There is much to like about this book, especially for a library fan such as myself. Orlean alternates chapters focusing on the story of the fire and the investigation into it with chapters that outline the history of the Los Angeles Public Library. Both story arcs were interesting, and I was happy to learn about the history of the LAPL, the historic city librarians, and the politicians or bureaucrats who championed or hindered the development of the library. But … I really wanted mostly to know about the fire, the investigation and the rebuilding of the library. All the detail about how this or that city librarian fought for a share of the budget, instituted innovative programs, built the collection and promoted the public library, however interesting, was, to me, a distraction and disruption from the main story of the fire.
I guess I should have realized that would be the case from the title. It’s NOT called “The Library Fire” but “The Library BOOK” (emphasis mine). Still, it’s a fascinating book and my F2F book club was enhanced by our own City Librarian’s presence and contribution to our discussion.
Orlean narrates the audiobook herself. She is not a trained voice artist and I didn’t like the tone and timber of her voice to start out with. By the second disc I had gotten used to it, and just focused on the story, but I think it would be a better audio experience with a professional voice over.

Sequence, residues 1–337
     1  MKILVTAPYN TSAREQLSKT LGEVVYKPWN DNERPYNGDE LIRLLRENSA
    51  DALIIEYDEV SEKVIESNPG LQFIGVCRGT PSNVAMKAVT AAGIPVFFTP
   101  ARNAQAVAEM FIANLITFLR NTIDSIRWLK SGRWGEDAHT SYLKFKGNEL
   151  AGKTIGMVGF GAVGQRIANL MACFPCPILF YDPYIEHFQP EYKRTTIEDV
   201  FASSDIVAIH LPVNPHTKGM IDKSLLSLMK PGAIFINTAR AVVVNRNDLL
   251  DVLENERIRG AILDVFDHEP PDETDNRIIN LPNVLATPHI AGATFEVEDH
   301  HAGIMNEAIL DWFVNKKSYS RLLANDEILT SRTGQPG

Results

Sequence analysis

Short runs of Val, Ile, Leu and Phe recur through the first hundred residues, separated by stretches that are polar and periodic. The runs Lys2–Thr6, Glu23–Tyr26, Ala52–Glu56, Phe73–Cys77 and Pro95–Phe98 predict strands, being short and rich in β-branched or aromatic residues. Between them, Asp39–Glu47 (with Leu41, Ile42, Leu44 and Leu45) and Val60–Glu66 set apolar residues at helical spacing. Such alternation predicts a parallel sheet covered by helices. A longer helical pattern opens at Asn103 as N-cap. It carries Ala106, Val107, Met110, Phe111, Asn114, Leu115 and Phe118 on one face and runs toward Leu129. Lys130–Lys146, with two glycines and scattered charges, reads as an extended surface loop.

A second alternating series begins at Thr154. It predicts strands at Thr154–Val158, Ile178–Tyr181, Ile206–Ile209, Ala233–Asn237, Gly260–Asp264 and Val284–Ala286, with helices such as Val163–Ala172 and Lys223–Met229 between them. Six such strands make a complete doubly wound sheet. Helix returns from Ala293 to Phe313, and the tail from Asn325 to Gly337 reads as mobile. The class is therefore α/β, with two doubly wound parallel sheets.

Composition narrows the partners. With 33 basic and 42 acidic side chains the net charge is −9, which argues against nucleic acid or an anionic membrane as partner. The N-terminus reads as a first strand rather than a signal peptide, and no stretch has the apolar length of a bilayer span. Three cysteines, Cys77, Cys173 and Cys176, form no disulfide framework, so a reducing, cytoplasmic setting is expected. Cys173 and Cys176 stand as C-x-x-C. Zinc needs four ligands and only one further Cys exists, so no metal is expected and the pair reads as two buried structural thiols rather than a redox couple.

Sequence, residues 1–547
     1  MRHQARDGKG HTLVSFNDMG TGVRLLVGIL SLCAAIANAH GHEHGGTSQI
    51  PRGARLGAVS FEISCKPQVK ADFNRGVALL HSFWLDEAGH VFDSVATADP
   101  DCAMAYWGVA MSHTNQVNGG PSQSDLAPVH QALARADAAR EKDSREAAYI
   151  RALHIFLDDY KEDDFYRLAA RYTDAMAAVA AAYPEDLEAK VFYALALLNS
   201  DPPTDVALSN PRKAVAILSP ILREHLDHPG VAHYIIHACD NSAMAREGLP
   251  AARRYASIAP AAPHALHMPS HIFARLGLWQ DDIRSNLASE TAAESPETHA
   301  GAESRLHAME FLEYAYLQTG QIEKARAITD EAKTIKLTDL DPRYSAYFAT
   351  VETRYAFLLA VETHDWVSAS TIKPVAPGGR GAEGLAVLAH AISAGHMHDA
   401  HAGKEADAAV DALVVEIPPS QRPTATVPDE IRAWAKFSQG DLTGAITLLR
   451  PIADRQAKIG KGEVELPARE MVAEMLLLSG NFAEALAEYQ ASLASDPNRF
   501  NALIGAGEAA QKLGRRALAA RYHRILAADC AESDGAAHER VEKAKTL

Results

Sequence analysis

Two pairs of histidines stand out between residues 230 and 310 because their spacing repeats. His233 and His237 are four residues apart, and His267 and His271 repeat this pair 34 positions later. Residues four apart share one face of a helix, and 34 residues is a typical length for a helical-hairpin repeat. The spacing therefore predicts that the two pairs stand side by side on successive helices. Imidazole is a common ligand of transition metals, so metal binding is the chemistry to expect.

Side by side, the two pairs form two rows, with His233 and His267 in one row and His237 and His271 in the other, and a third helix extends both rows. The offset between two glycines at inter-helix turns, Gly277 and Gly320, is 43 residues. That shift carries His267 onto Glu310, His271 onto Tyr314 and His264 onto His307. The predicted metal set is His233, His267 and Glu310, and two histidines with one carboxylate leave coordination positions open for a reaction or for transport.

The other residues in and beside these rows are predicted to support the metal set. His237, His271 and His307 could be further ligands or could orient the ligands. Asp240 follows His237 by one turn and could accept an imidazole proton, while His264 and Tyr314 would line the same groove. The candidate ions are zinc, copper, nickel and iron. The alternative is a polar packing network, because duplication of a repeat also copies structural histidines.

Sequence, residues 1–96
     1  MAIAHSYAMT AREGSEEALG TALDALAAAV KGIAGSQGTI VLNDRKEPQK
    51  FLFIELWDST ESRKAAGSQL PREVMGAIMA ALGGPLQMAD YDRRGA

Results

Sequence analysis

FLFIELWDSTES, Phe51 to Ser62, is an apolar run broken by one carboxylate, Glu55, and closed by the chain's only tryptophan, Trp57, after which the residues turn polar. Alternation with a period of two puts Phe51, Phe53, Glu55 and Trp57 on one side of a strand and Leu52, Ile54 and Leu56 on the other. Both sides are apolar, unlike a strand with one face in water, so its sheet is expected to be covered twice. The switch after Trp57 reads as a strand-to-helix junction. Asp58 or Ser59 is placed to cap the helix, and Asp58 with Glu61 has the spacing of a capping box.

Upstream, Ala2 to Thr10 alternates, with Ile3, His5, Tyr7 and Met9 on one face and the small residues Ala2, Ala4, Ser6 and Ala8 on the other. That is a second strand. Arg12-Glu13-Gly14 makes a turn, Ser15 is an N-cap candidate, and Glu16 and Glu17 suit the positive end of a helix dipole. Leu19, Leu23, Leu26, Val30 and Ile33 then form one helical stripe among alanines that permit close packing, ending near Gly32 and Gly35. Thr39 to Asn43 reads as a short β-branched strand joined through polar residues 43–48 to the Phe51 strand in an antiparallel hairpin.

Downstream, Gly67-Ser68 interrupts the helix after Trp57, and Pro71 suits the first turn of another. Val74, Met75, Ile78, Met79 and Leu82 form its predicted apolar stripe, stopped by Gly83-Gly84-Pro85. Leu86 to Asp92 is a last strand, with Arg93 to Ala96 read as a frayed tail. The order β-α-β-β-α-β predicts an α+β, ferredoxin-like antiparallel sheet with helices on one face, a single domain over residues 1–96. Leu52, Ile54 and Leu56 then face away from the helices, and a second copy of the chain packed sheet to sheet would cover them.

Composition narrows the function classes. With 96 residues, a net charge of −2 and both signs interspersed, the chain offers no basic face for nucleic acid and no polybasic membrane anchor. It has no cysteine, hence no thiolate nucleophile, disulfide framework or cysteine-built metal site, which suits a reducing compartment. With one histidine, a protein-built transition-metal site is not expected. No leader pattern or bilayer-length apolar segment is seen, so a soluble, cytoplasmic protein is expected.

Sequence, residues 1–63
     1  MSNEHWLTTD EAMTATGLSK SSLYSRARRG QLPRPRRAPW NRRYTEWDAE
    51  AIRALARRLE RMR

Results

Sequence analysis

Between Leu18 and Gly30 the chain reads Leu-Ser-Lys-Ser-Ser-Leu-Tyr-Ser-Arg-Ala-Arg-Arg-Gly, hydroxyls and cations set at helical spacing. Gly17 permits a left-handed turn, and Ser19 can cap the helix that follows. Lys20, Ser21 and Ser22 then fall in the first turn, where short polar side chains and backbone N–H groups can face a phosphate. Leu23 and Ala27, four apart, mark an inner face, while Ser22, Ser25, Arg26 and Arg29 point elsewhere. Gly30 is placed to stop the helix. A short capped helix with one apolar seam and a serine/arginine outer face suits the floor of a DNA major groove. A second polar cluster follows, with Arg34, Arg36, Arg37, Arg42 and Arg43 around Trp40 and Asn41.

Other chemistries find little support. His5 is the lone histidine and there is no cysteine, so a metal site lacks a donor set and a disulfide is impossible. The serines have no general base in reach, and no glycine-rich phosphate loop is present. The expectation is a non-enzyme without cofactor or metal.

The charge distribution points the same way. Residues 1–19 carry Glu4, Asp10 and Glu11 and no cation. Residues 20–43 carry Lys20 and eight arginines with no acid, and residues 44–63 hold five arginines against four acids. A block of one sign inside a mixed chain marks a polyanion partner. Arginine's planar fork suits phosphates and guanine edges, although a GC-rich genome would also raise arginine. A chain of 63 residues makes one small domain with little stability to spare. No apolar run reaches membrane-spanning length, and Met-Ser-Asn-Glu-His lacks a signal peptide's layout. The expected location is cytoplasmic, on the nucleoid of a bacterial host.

Empty Mansions – Bill Dedman and Paul Clark Newell Jr
Audiobook narrated by Kimberly Farr.
Subtitle: The Mysterious Life of Huguette Clark and the Spending of a Great American Fortune
From the book jacket: When Pulitzer-Prize-winning journalist Bill Dedman noticed in 2009 a grand home for sale, unoccupied for nearly sixty years, he stumbled through a surprising portal into American history. Empty Mansions is a rich mystery of wealth and loss, connecting the Gilded Age opulence of the 19th century with a 21st-century battle over a $300 million inheritance.
I remember the news coverage when Ms Clark was “discovered” living in a hospital room while her several mansions stood empty. Despite being generally healthy, she had lived in hospital rooms for some twenty years. She saw virtually no one but her private duty nurse. Even her attorney and accountant were limited to phone conversations with her. She never let any of her relatives know she was in the hospital, insisting that all correspondence be directed to her Park Avenue penthouse, where a caretaker dutifully brought the mail to her hospital room. The same caretaker took phone messages and Huguette would then phone the person back from her hospital room, never letting on she wasn’t actually in her home.
I found this completely fascinating. Dedman went back in history to outline her father’s early life and the way he made his fortune. He was definitely of the “robber baron” class, ruthless in business dealings and rather crooked in his political career. Huguette was his youngest child, born of his second marriage. She and her five half-siblings shared his fortune upon his death. And it was a massive one.